In protest of Smith’s comments and dismissing all the other comments, Protestia wrote, “As far as becoming political whores and bending over so the bad orange man could impregnate us with racial ideologies, this is not the winsomeness that he was insisting we emulate during his later conference talk that he gave in front of the whole convention, making him quite the hypocrite.”

The publication also cited some of Smith’s comments from two years prior.

In 2020, Smith said in a critique of the SBC regarding various social justice issues, “I just feel like maybe the last 8 to 10 years, the insensitivity and the indifference concerning the supposed pain- pain of brothers and sisters have not been a good testimony for Christianity.”

“When a sister is bruised about issues of sexual assault or something, other brothers in Christ can’t be indifferent or insensitive towards that,” he said. “When a Black man is incensed or wounded about racial injustice in the United States, or excessive force used by police because someone is Black, we can’t be indifferent to that if we say we are the family and the household of God.”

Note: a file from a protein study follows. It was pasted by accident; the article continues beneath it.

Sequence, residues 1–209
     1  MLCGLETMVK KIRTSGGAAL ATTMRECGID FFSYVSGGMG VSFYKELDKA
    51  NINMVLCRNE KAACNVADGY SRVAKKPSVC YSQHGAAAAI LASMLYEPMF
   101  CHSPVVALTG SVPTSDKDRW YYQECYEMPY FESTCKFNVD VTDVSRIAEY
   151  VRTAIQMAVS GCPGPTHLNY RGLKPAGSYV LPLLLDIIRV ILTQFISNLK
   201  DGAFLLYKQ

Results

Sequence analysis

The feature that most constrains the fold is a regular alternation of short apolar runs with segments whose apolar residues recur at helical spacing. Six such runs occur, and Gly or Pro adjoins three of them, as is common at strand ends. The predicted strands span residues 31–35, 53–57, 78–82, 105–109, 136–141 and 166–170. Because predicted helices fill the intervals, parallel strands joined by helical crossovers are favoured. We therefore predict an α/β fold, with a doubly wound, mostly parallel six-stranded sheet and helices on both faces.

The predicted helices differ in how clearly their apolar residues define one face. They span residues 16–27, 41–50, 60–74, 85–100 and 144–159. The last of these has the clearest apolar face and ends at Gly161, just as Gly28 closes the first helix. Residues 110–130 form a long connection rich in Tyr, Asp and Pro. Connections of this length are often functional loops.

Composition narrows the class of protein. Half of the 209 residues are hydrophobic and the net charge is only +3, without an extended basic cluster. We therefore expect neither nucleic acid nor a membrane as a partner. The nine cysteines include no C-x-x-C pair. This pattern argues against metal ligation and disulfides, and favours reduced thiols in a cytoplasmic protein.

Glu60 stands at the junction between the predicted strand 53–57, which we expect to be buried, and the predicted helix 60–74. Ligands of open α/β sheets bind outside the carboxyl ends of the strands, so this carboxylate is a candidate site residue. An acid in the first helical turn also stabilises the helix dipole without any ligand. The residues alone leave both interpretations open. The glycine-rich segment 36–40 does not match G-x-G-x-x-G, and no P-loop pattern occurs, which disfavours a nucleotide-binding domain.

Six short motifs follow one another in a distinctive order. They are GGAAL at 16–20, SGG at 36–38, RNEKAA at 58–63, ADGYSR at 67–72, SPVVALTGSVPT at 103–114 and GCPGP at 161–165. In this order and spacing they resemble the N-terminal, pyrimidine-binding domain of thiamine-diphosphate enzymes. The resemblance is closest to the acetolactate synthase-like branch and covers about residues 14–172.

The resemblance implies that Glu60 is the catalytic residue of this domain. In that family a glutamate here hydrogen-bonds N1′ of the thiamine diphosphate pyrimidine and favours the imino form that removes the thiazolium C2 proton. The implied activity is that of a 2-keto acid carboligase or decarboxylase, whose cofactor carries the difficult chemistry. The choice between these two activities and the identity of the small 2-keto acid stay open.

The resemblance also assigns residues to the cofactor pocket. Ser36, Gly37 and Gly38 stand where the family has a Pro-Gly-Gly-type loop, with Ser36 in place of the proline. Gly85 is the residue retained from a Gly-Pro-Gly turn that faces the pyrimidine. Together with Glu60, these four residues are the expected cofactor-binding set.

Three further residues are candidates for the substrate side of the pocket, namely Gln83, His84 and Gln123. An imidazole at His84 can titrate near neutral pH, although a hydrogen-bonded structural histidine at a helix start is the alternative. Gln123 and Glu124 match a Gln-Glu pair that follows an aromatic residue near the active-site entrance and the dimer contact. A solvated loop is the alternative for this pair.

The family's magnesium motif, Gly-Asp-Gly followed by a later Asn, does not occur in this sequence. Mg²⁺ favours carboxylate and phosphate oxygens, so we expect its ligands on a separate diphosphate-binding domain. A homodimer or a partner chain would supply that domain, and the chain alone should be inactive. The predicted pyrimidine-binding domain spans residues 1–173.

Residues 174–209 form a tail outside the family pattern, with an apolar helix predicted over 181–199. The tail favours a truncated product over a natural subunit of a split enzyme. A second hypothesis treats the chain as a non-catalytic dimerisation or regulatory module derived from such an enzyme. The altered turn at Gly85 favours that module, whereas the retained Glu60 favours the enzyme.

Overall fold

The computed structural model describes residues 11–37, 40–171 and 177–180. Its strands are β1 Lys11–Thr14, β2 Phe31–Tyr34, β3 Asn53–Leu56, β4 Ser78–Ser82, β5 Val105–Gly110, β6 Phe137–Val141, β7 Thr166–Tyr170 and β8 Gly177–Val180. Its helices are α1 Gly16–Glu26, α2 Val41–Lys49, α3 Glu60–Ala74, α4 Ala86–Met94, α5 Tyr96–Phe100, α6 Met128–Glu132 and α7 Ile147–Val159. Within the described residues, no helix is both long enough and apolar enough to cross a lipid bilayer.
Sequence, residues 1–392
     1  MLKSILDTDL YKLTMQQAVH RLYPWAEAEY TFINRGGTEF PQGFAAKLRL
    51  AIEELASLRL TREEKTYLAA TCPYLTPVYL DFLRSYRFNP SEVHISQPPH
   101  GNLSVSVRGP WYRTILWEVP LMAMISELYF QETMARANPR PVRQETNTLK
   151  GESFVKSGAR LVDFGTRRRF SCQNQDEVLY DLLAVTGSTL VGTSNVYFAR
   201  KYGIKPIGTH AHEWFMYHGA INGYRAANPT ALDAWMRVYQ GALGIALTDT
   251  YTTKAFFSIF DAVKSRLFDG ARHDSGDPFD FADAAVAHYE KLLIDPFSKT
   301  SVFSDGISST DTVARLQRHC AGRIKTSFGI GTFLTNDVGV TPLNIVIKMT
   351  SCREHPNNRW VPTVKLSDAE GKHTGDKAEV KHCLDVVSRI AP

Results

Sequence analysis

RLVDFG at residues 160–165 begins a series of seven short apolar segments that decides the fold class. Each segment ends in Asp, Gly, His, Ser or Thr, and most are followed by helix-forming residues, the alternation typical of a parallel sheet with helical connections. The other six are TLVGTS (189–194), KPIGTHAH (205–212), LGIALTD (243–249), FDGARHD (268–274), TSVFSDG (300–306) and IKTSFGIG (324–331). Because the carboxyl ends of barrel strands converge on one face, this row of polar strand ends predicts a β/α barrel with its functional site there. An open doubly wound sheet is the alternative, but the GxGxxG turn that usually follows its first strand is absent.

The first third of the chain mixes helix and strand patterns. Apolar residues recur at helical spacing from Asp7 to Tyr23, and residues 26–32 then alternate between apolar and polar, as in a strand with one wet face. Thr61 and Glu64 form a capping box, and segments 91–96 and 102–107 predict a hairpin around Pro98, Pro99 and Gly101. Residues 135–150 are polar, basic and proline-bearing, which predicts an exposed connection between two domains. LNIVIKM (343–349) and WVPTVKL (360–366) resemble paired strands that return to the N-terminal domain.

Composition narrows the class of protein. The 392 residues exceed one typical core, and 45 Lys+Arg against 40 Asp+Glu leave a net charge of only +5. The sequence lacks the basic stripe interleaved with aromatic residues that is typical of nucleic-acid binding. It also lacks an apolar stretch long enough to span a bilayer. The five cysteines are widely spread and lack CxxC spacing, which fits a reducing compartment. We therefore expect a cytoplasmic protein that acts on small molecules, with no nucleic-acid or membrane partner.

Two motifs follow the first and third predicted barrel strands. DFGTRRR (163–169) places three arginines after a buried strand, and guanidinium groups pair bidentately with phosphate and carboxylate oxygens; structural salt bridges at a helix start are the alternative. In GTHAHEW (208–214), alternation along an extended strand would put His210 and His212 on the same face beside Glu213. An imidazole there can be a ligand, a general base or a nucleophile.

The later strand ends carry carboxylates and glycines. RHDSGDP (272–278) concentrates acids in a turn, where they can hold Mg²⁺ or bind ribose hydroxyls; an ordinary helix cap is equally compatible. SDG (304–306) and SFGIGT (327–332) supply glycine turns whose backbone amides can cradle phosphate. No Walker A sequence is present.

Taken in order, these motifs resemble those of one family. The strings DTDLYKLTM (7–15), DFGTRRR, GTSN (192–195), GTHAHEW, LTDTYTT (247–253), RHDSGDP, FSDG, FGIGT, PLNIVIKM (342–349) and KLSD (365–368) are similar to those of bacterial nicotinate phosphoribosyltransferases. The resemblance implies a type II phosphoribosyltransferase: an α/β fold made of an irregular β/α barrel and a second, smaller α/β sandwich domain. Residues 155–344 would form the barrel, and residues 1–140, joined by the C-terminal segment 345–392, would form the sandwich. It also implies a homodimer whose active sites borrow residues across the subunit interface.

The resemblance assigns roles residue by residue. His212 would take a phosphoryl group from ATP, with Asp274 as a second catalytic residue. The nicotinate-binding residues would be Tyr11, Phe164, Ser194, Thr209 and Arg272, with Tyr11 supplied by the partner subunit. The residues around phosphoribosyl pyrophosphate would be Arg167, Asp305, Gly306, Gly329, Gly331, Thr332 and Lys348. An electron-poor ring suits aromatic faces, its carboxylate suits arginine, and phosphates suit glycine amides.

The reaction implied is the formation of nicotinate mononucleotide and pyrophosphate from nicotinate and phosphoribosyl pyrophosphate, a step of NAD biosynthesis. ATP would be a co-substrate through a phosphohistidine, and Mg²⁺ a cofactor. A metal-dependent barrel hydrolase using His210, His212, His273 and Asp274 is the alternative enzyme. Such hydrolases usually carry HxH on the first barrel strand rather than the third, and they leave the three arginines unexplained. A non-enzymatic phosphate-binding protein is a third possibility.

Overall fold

While Protestia was critical of Smith, it did not bash John MacArthur, a dean of conservative evangelical preaching, who spoke at the same conference about the ills of prophetic preaching rooted in social justice.

“You don’t advance the kingdom of God by lining up with the kingdom of Satan,” MacArthur said, according to the Washington Post. 

The preacher roared, “Pretty soon it will be women preachers, social justice, then racism, then [critical race theory], then victimization because the world is a ball and chain, and when you’re hooked, it will take you to the bottom. They hate the truth.”

Those comments were fully supported.

The Southern Baptist Convention, an organization that has over 14 million members (70 percent who vote Republican), believes that the downfall of the church is liberalism, the Washington Post reports.

They do not allow women to serve as head pastors and are vehemently opposed to same-sex marriage.

McArthur aligns those progressive ideologies, and those that include race, as the “devil’s work.”

“You will never advance the kingdom of God by being popular with the world. If you think you will, you’re doing the devil’s work,” he said. “How can you negotiate with people who hate Christ, hate God, hate the Bible, and hate the gospel?”

As the convention geared up to vote for new leadership — last week it elected a rural Texas pastor, Bart Barber of First Baptist Church in Farmersville, Texas — it was clear that race, gender, and sexual identity politics were hot-button issues.